American League:

1. Athletics: This is basically the “Major League” team here. Their owner is trying to move them and they play in a ballpark that is literally full of crap. I also want to see Bartolo Colon raise the AL Championship trophy while sucking on a BBQ rib bone or something. Plus: I’m covering the World Series again this year and I’d like to return to the Bay Area without being near death’s door due to that plague or whatever it was I had last year in San Francisco.

2. Tigers: Nostalgia. It will make my girlfriend happy and if my girlfriend is happy I’m happy. I’m not anything approaching a Tigers fan anymore, but I’ve met a lot in the past few years and I like them. Plus I know the fun places to go in Detroit now. Shut up, there are fun places in Detroit.

3. Indians: More viva Ohio. More comeuppance for the Boston scribes who thought Terry Francona was a problem (or who let the front office tell that story for a while without pushback). Chief Wahoo makes it hard, but I’ll get over it.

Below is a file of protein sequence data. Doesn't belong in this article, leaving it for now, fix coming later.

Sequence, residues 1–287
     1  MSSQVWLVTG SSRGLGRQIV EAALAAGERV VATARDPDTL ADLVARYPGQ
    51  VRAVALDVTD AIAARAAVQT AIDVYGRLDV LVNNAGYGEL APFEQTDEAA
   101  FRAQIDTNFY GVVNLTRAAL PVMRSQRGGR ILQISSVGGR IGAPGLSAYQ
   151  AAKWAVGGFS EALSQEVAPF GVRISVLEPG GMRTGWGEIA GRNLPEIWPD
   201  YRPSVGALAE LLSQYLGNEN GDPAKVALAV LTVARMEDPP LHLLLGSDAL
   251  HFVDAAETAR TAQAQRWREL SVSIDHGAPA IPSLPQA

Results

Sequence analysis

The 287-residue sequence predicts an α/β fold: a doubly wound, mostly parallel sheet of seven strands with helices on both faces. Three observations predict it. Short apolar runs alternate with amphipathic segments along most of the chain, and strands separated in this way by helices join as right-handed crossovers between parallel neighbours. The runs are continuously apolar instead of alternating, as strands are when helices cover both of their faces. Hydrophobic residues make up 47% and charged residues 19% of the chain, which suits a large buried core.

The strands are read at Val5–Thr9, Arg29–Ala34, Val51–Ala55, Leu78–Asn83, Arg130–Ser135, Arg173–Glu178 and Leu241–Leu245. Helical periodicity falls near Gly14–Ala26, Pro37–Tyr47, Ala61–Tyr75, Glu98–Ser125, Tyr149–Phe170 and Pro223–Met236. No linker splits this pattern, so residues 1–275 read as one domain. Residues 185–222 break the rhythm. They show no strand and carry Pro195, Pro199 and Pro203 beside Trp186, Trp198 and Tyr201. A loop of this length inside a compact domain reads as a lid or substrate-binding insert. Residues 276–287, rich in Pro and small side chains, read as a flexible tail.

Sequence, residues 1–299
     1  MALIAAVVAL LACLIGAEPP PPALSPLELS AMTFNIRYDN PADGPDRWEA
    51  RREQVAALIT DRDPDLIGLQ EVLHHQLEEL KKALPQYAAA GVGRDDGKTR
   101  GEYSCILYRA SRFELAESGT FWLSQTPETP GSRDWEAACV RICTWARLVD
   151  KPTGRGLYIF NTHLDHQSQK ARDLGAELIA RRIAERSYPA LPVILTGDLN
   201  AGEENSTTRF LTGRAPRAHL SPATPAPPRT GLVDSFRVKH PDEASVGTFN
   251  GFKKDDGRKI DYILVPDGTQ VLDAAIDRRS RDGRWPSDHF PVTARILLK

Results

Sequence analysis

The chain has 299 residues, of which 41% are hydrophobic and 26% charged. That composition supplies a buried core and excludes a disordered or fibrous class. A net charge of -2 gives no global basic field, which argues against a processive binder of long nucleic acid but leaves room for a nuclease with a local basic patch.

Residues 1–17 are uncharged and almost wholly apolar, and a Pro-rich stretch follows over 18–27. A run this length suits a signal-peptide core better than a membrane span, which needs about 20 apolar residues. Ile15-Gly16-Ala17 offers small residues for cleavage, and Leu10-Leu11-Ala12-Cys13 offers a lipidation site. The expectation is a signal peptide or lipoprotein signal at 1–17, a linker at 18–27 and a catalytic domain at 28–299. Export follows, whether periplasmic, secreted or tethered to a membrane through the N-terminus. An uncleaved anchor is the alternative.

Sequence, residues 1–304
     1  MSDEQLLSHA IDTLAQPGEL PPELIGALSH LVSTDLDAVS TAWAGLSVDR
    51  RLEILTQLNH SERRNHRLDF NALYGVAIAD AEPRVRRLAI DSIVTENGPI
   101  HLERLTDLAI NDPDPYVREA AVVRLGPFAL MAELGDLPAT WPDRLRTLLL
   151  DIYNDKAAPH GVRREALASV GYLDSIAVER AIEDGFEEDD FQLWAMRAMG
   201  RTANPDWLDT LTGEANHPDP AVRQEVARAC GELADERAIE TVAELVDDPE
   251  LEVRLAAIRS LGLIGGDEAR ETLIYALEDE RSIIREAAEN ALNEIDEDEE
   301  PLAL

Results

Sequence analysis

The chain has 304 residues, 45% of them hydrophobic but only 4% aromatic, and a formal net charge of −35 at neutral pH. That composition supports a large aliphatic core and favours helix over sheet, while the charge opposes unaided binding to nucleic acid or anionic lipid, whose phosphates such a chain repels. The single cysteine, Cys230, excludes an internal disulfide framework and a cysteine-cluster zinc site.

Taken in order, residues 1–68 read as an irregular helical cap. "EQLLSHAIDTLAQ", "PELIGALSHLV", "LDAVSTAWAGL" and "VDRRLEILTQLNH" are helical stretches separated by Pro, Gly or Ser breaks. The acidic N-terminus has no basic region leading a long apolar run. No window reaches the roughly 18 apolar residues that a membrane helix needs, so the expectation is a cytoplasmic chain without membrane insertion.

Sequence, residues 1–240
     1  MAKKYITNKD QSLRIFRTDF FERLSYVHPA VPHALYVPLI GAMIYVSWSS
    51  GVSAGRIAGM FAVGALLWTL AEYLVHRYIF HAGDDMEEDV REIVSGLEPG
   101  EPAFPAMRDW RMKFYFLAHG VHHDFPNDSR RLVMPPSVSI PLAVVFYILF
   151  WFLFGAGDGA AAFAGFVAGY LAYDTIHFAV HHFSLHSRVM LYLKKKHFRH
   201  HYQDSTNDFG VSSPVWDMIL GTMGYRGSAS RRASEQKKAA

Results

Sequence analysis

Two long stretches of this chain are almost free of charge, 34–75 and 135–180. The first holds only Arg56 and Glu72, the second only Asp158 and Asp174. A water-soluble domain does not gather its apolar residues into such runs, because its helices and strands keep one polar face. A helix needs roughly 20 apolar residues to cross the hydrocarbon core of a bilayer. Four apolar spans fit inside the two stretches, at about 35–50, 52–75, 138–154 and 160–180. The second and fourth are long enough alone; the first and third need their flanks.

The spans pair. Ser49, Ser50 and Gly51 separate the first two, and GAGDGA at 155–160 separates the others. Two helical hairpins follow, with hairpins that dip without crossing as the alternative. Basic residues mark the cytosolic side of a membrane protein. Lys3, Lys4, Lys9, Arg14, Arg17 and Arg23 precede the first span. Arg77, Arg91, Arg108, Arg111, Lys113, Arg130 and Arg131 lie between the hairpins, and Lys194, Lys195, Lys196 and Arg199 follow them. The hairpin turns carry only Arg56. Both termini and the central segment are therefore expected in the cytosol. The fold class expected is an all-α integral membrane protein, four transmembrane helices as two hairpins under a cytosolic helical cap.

4. Rays: There is still some underdog appeal here and I’m a sucker for good starting pitching, but I feel like Joe Maddon’s Phil Jackson impression has worn thin and I really can’t root for a team that features a rapist, an anti-semite and a homophobe.

5. Red Sox: Eh, it’s been a nice turnaround and there are some likable players here, but non-Sox fans rooting for them is almost as bad as non-Yankees fans rooting for New York. They’re the classic overdog. Plus, they tend to play games that last until 1AM and I just can’t do that every October. The one saving grace is that I’ve never been to Fenway and now I possibly could. But I could also just fly there next summer if I want and not have to endure Sox October baseball.

So that’s how it breaks down for me. Lots of appealing options and a potential Red Sox-Cardinals series that may drive me back into being a football fan.

What’s your view on all of this? If your team tanks or has already been eliminated, who ya got?

The 2017 Yankees are, somehow, plucky underdogs